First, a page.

Life is moving too fast to do it justice so I will type a couple of hurried posts – bear with me.
We crossed the Equator recently that means that The Cobar is no longer a Slimy Pollywog but has become a Trusty Shellback – or at least it would be if it had joined the Navy (Unlikely as it is a Land Rover) and crossed the Equator at Sea (Ditto). To celebrate the achievement I decided to replace the steering Drop Arm balljoint! After 16 years faithful service it had finally had enough. We had been dealing with vague steering from halfway through Ethiopia and had managed to source a new balljoint from a dealer in Addis Ababa but I needed somewhere secure to immobilise the vehicle and get all the tools out. We stayed at Jungle Junction in Nairobi (JJ’S) as Chris has a workshop there and it is a long established Overlanders haunt. The first challenge was to find JJ’s as the whole site moved in about 2013 and people are still publishing the wrong GPS Co-Ordinates! I will publish the correct ones one a suitable page yet to be created on this site. We arrived late, in the dark after several hours of following a ‘helpful map’provided by some Kenyan Land Rover enthusiasts who didnt know it had moved. The following day I set to work but it soon transpired that I did not have all the correct tooling on board and I am only prepared to improvise so far. Chris at JJ’s was prepared to lend me some tools but their workshop didnt have the necesary either. The drop arm would not separate from the steering box despite way-too-much force being applied so I backed off and reassembled The Cobar before I broke something vital. That was a 9 -hour day in the sun to no advantage. The next day we went on a hunt to seek professional help. We found a garage called ‘BushRovers’ who specialise in Land Rover servicing (I love Kenya!) and they agreed to do the job straight away as the car is our home & we needed somewhere to sleep. They had the whole thing ready 4 hours later. Although they admitted even with the correct puller the Drop Arm removal had been a B*%£$ ! In fact they had fitted a whole new drop arm and balljoint – I didnt ask! So The Cobars steering now responds to input from the driver again (although there is still some negotiation required – it is a Defender after all 🙂 )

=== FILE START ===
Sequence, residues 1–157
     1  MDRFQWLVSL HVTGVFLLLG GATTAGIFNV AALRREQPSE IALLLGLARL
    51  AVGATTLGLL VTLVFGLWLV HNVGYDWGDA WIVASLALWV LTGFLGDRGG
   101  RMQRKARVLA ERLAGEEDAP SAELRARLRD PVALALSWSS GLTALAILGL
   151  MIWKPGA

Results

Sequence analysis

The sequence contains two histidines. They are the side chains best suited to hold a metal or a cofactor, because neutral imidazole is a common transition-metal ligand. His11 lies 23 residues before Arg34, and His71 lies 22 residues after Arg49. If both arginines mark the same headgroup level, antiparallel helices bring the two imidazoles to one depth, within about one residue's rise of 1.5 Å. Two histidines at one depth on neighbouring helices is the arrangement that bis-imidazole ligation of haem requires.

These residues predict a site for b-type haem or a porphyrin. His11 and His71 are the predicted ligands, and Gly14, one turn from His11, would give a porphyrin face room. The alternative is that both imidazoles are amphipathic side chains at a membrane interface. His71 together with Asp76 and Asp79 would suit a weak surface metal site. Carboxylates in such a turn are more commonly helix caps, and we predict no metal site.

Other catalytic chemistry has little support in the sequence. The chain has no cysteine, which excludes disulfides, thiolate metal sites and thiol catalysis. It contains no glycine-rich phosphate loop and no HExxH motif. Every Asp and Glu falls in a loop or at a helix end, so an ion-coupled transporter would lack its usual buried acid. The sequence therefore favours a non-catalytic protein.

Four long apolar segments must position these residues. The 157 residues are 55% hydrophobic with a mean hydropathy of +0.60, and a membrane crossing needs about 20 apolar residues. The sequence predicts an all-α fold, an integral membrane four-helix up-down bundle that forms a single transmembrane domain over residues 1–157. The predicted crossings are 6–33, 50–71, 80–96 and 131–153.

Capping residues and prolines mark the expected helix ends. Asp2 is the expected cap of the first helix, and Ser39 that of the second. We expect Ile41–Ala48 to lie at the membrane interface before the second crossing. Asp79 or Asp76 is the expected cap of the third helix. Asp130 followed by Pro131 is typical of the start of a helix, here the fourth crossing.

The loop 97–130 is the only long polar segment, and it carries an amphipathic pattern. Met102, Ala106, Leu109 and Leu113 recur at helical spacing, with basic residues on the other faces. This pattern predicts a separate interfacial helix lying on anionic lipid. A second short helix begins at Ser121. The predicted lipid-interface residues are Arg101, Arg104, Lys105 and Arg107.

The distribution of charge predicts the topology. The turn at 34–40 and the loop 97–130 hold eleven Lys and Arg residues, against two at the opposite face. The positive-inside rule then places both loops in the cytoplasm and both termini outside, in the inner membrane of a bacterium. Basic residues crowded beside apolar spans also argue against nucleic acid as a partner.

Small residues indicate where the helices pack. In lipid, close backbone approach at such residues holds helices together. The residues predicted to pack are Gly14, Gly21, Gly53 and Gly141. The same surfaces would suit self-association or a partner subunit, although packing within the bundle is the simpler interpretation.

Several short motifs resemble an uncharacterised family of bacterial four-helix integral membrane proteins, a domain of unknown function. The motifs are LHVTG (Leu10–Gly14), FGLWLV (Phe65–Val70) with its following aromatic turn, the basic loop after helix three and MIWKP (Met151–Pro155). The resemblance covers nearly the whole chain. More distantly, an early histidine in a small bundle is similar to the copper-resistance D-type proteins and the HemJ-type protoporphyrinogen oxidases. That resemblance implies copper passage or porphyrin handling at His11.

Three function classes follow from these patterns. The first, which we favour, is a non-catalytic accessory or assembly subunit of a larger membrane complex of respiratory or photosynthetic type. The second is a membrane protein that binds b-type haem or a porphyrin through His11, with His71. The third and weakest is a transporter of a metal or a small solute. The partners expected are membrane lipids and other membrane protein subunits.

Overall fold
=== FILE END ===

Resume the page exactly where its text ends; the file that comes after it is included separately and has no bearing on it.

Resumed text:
The next task was to fit sufficient seating to allow our family to join us for their holidays. When we left the UK The Cobar had been reduced to a 2 seater. The remainder is full of our stuff (I know, I know)! The seat position behind the driver is a shelf but it can convert to a seat if we have to take a Scout/Guide/Policeman etc. This arrangement allows us to refuse such passengers when they are not compulsory as no-one else can see it is a dual purpose seat until we convert it however that still only gave us 3 and we needed a fourth. We contemplated removing the slide-out Fridge/Freezer from behind the front passenger seat but that involves a lot if work as it was beautifully fitted by APB Trading in the UK and they did a proper job. Sally came up with a great idea. The older 110s had a central seat making the front row 3 seats. OK so the lucky centre passenger has to straddle the gear levers but it is possible. The Cobar doesnt have the original Land Rover seats (which are narrower) it has aftermarket Exmoor comfy seats with additional padding. We spent a day driving around cardealers and garages asking if anyone had one of the old centre seats – no chance. We finally ended up at a Kenyan business called ‘BlackMan Rovers’ in Karen, Nairobi. The owner said she could get a welder/upholsterer to fashion something to order. At JJ’s we had been given the cushions/squabs from one of the seats in the rear load area of a Defender but they had no suppport frame. We returned to Blackman Rovers with these cushions and met ‘Stevo’ who was to be our welder for the day. Using just a Carbon Arc (Stick) welder run from a cable with no actual plug – just bare wires poked into the socket he worked like a trojan through the rain to knockup a suitable seat frame from square steel tubing. Within a couple of hours the seat was in and it matched our current upholstery – how cool is that?
Thanks Stevo and all at Blackman Rovers I will be publishing their details on the forthcoming ‘Helpful Businesses’ page.